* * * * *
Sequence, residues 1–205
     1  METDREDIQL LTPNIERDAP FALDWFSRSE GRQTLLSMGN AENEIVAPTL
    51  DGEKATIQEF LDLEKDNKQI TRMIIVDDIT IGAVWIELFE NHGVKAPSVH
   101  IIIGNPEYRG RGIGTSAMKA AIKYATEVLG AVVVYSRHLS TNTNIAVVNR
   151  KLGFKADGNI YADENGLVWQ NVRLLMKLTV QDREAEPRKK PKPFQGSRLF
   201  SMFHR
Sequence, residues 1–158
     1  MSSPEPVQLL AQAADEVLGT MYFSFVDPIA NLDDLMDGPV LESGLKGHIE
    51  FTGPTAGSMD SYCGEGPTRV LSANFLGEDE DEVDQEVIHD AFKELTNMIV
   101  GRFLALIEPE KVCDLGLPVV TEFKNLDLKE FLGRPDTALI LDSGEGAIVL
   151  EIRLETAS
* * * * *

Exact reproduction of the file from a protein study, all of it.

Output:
Sequence, residues 1–205
     1  METDREDIQL LTPNIERDAP FALDWFSRSE GRQTLLSMGN AENEIVAPTL
    51  DGEKATIQEF LDLEKDNKQI TRMIIVDDIT IGAVWIELFE NHGVKAPSVH
   101  IIIGNPEYRG RGIGTSAMKA AIKYATEVLG AVVVYSRHLS TNTNIAVVNR
   151  KLGFKADGNI YADENGLVWQ NVRLLMKLTV QDREAEPRKK PKPFQGSRLF
   201  SMFHR
Sequence, residues 1–158
     1  MSSPEPVQLL AQAADEVLGT MYFSFVDPIA NLDDLMDGPV LESGLKGHIE
    51  FTGPTAGSMD SYCGEGPTRV LSANFLGEDE DEVDQEVIHD AFKELTNMIV
   101  GRFLALIEPE KVCDLGLPVV TEFKNLDLKE FLGRPDTALI LDSGEGAIVL
   151  EIRLETAS